“We believe that street evangelization is the easiest method of evangelization,” Adam Janke, program director with the St. Paul Street Evangelization, told CNA Feb. 10.
“We find that our street evangelists become practiced and better at evangelizing in everyday life, through street evangelization.”
Spreading the gospel on the streets makes it easier for people to do the same with their family, friends, co-workers, and neighbors, Janke continued. He said street evangelization can help overcome feelings of awkwardness or fears of being “annoying” in talking with others about the Catholic faith.
“We want it to be a natural process where we’re sharing what we have found in our own hearts, this hope in Jesus Christ, for his salvation to liberate us from sin and death.”
Steve Dawson, St. Paul Street Evangelization’s current national director, founded the organization in May 2012.
Dawson, a convert to the Catholic faith, followed Mother Teresa of Calcutta’s example of giving out miraculous medals.
“He started doing that,” Janke said. “He’d give out a miraculous medal to his waitress in a restaurant. People responded positively. So he decided to go to the boardwalk in Portland, Ore. and start handing out rosaries and miraculous medals.”
Janke said that first effort was “very successful.” People started returning to the faith. Dawson prayed with people and talked about their faith.
When Dawson posted news about his effort on Facebook, other Catholics “saw how easy it was to share your faith through street organization,” reported Janke.
St. Paul Street Evangelization has grown to more than 100 different teams in the U.S., Australia, Canada, Denmark and the U.K. The teams are usually “loosely organized,” sometimes through a parish or through a Catholic who is “on fire for their faith.”
Team members agree to a code of conduct and are supplied with free materials from the national organization.
“We ask our teams not to be manipulative. We ask our teams to go out there and be really truly authentic and share the love and message of Christ,” Janke said.
“They’ll go out and they’ll be evangelizing in a very non-confrontational way, allowing the Holy Spirit really to move in the heart of those who are witnessing our public Catholic presence,” he continued.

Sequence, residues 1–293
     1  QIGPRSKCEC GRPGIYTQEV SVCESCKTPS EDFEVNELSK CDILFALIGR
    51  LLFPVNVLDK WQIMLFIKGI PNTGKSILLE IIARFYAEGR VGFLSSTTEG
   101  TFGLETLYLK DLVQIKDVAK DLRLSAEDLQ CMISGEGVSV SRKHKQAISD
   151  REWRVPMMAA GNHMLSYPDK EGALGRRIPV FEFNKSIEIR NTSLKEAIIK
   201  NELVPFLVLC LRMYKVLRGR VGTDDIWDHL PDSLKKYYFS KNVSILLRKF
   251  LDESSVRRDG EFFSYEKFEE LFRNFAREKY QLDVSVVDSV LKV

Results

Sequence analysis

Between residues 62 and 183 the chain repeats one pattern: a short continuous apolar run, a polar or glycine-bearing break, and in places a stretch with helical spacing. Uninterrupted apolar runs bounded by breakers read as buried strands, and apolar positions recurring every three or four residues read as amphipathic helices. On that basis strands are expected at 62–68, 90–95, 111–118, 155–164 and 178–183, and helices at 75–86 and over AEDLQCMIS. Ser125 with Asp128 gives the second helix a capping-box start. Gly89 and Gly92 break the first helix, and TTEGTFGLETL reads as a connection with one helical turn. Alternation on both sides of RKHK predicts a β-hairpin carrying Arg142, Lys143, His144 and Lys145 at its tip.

U.S. teams will go to a public space where they have First Amendment rights or to parish festivals. They display a sandwich board that reads “Catholic Truth” and give away free materials like brochures and rosaries or information about local Mass times, RCIA and evangelization programs.
The team will pray together publicly for the Holy Spirit’s guidance “to bless those they’ll have contact with that day,” Janke explained. They ask passersby if they would like a rosary. They respond kindly to those who decline, telling them to “have a nice day.”
Evangelizers will offer further material to those who accept a rosary or show further interest, asking questions like whether they are Catholic or have considered becoming Catholic.
The team asks interested Catholics whether they currently go to Mass and what parish they attend, talking about the importance of Mass, the Sacraments and learning about the faith.
“If they’re not a Catholic, we’ll ask if they’ve ever considered the Catholic faith before,” Janke said. “It’s a very, very effective method of evangelization.”
He said that the organization’s Las Vegas team has had over 450 people “respond positively” in the last 12 months. Some expressed gratitude to have met the team, while others said they would go back to Church or look into the Catholic faith.
At one recent training session, teens were taken out on the streets to evangelize.
“At the end of the day they had this long list of prayer requests that people had given them. Six people said that they would come back to Church as a result of them reaching out,” Janke said. “That’s just one team on one day, just a group of teens going out for an hour, telling other people about their faith.”
In addition to their spiritual work, other evangelization teams have helped save lives.
“We’ve been able to intervene with people considering suicide. They know that they can trust us,” Janke said.
Teams have also helped people considering having abortions, giving them “hope and encouragement.”
“It’s really a very simple method of offering a rosary or a CD or a brochure and being available to listen and say ‘we care about you, that’s why we’re here’,” Janke added.
He cited Bl. John Paul II’s “Redemptoris Missio,” saying that the document calls the Church to focus “all its efforts on the new evangelization.”
Janke also noted the need for those who evangelize to first be evangelized, adding that street evangelists should begin conversations by finding common ground.
Moreover, he stressed the importance of action.
“Our culture is dying and our world is wounded,” he said. “Pope Francis has said go out and heal wounds.”
Janke himself entered the Church from a “fundamentalist anti-Catholic background” 10 years ago.
“Somebody reached out to me and talked to me about the Church,” he said.
He now works as director of religious education and in youth ministry at a Lansing-area parish.
St. Paul Street Evangelization offers online training and other resources. Its episcopal advisors are Archbishop Allen Vigneron of Detroit and Bishop Earl Boyea of Lansing.
A leader with a Michigan-based street evangelization group says that anyone can evangelize simply by fearlessly sharing the truth about Jesus with those they encounter.
New Evangelization, Evangelization